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The Fresh Meat Theatre Festival in Review

By Andrew Snowdon on September 29, 2012

As I was on my way through the crowd to my comfortable front-row couch seat, May Can Theatre’s Madeleine Boyes Manseau approached me with a fan of folded construction-paper cards.

“Do you believe in fate?” she asked.

I won’t tell you what my answer was, or what was written inside the card I chose.  That would spoil the surprise.

Surprise is probably the key element in the Fresh Meat Theatre Festival, a three-day cabaret-style showcase of short works by local independent theatre companies.  The brainchild of Backpack Theatre’s Jonah Allingham, Fresh Meat features established groups like Dead Unicorn Ink. and improv troupe GRIMprov, as well as emerging solo performer-creators like Tess McManus and Jake William Smith, presenting twenty-minute pieces that they have developed in the timeframe of a couple of months.

GRIMprov served as the hosts introducing each act, an appropriate choice as the order is subject to change each evening.  On the first evening, May Can Theatre started things off with Dusk & Dawn, a story about an owl who adopts a deer as her son.  May Can’s familiar self-aware style and portrayal of innocence lost with an undeniably Mi Casa (Countries Shaped Like Stars, LIVE from the Belly of a Whale) influenced set consisting of a ladder and backlit silhouettes.

Next up were GRIMprov, with a long-form improvisation based loosely on Requiem for a Dream.  It’s difficult enough to keep an improv piece going for seven minutes, let alone twenty, with only three performers and three suggestions, but to their credit GRIMprov manage to keep the energy of their performance increasing, remaining entertaining right until the end.  They have a different theme planned—if improv can, indeed, be planned—for each of the three nights of Fresh Meat.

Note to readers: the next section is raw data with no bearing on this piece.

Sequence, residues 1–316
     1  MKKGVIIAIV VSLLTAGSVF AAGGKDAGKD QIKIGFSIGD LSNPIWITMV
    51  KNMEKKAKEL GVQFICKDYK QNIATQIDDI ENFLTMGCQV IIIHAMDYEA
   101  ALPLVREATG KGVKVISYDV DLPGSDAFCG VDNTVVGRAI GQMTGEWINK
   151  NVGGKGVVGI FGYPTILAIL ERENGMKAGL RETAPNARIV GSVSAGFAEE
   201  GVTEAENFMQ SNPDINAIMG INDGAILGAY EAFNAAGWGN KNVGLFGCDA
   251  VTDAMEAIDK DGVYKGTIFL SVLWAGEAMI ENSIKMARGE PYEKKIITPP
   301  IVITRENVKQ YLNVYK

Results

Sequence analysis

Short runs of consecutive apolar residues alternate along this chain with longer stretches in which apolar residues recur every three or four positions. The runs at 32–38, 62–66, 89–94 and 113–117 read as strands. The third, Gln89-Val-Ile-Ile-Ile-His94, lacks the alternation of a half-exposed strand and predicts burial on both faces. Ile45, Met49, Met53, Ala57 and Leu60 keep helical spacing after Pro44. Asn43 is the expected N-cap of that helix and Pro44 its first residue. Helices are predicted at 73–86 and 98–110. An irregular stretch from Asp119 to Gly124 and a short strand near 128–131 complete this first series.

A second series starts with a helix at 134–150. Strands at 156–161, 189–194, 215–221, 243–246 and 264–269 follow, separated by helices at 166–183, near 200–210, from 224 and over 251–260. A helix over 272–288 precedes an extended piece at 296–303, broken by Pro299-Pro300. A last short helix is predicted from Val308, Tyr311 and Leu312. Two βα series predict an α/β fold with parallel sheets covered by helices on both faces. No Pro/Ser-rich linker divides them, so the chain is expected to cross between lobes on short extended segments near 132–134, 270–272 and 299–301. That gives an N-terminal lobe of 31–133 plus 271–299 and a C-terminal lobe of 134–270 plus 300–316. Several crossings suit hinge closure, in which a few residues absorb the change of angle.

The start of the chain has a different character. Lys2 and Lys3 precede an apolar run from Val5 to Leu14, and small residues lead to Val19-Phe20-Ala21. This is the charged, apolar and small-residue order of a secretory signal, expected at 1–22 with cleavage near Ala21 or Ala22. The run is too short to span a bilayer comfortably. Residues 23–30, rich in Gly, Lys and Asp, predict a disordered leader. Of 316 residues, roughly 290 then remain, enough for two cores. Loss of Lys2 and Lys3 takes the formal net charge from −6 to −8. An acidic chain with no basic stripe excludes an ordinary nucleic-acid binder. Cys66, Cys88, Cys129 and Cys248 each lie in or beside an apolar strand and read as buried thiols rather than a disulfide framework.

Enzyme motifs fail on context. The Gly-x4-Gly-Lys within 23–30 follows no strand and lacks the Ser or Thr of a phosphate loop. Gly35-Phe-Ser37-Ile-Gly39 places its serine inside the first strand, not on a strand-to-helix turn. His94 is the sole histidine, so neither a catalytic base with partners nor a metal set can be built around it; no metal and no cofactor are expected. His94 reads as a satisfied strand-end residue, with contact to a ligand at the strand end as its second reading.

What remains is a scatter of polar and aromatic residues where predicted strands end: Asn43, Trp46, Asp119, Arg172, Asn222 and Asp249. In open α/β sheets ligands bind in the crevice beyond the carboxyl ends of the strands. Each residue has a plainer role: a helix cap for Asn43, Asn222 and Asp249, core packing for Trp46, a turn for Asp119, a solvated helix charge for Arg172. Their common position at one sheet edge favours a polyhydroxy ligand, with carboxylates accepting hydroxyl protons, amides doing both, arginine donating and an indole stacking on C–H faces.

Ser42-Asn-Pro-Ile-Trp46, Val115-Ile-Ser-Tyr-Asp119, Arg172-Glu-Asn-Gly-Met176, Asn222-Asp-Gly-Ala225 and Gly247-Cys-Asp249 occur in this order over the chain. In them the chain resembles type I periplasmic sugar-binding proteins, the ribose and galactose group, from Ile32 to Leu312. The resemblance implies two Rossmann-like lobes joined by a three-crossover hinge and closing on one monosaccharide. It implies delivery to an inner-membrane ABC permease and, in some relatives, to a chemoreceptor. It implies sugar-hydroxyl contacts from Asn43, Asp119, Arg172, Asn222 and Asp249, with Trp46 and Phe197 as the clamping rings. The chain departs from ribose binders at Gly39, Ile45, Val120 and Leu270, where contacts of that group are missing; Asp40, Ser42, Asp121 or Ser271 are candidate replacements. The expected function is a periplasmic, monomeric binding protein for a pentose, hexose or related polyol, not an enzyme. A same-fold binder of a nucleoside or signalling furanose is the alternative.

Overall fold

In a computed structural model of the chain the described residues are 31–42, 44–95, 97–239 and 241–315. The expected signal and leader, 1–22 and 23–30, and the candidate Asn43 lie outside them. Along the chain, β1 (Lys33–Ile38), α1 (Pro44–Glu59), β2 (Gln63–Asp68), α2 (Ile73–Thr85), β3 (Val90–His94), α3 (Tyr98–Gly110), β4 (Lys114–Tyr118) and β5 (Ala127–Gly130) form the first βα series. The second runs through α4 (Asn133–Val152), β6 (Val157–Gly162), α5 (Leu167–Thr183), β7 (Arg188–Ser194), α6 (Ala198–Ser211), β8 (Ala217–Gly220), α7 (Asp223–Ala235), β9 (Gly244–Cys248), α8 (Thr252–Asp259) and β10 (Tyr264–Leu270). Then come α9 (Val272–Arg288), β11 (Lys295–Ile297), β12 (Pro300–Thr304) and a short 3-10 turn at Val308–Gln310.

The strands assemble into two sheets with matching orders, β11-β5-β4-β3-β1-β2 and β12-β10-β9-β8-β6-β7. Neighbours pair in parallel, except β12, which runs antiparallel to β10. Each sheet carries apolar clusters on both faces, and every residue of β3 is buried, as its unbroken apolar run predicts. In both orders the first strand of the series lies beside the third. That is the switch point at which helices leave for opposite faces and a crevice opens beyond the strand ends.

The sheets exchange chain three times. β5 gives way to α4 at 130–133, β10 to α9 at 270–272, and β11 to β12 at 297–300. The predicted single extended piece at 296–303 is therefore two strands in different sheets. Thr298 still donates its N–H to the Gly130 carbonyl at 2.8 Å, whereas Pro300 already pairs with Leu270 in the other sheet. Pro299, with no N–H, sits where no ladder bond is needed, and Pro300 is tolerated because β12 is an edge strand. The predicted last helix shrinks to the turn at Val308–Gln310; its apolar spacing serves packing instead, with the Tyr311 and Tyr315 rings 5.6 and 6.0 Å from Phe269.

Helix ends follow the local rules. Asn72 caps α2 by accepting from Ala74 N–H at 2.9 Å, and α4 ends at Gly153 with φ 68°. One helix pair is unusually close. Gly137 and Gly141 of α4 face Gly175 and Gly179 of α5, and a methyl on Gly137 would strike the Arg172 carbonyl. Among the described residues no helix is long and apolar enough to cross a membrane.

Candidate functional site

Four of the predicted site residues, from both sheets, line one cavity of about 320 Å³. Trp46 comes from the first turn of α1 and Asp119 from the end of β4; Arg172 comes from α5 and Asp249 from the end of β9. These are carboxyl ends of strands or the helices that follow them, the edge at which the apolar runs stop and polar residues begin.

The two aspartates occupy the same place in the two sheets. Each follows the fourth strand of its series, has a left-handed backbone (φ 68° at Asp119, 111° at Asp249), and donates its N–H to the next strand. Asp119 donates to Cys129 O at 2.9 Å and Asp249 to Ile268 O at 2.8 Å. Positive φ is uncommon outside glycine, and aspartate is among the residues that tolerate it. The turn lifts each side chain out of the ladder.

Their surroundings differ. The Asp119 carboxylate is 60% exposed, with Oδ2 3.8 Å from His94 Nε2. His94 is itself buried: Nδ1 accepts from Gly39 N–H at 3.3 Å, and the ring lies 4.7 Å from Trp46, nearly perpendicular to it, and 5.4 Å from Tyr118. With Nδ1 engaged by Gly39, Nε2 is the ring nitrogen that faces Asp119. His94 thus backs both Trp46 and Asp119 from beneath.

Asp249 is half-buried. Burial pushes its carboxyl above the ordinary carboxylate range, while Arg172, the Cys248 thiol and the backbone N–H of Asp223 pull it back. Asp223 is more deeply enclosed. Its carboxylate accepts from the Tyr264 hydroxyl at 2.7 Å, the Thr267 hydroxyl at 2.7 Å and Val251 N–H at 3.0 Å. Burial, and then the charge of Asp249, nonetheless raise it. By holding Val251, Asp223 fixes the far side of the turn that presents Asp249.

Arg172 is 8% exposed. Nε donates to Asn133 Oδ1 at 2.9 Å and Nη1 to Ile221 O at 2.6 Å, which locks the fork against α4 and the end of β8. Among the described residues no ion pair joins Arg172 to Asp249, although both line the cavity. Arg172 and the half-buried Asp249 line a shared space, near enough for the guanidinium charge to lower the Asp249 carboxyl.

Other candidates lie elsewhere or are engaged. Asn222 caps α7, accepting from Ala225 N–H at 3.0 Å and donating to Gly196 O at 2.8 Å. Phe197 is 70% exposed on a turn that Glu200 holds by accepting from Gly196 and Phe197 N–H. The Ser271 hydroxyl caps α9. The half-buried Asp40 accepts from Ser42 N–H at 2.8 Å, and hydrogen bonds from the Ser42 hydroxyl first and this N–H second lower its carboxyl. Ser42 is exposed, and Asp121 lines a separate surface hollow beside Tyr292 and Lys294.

After a brief intermission—which came as a surprise to the hosts but was a welcome chance to escape the crowded heat for a few moments of fresh air—Jonah Allingham and a bicycle took the stage. Summer of ’34, like his debut Fringe show In Waves, is a first-person dramatic narrative set in a particular historical setting.  This time, between Ottawa and Kingston in the 1930s.  Allingham’s distinct storytelling style continues to mature, probably due in no small part to incorporating top-notch dramaturgical assistance (from Catriona Leger for In Waves, and from Emily Pearlman for Summer of ’34).

With the (intentionally) spilled beer cleaned off the stage, Tess McManus (Little Green Hat) presented the aptly-titled Tales She Tells, which starts as a breakneck crash course in traditional Irish love stories and transitions into a movement-infused re-enactment of one particular tale.

Then Jake William Smith (Rapscallion Diversion), in a bright red jumpsuit, presented his seminar-inspired Henchman’s Survival Guide, a consistently hilarious look at the life of the average henchman in the thrall of your run-of-the-mill villainous mastermind.  Smith’s solo performance debut is promising, especially given his gift for switching character distinctly without the aid of props or costume changes.

I was especially curious, when the lineup for this event was announced, to see how Dead Unicorn Ink would adapt their trademark huge, over-the-top production design style to an intimate setting like this.  Caution: Do Not Feed the Mermaids did not disappoint.  Two stools, a low table, a cloth, and a couple of prosthetic tentacles were all they needed to bring a story about exclusion and betrayal to a satisfyingly ghastly end.

Not only does the cabaret format—and the low-risk $15 for three hours of entertainment in a licensed venue—make this kind of theatrical experimentation accessible to a broader audience, but it also allows for creative cross-pollination between companies whose styles are by nature fiercely independent.  I hope Fresh Meat becomes a regular event, and that other groups follow their lead.

The Fresh Meat Theatre Festival completes its three-day run at Pressed Cafe on September 30th at 7pm. Tickets are 15 dollars at the door.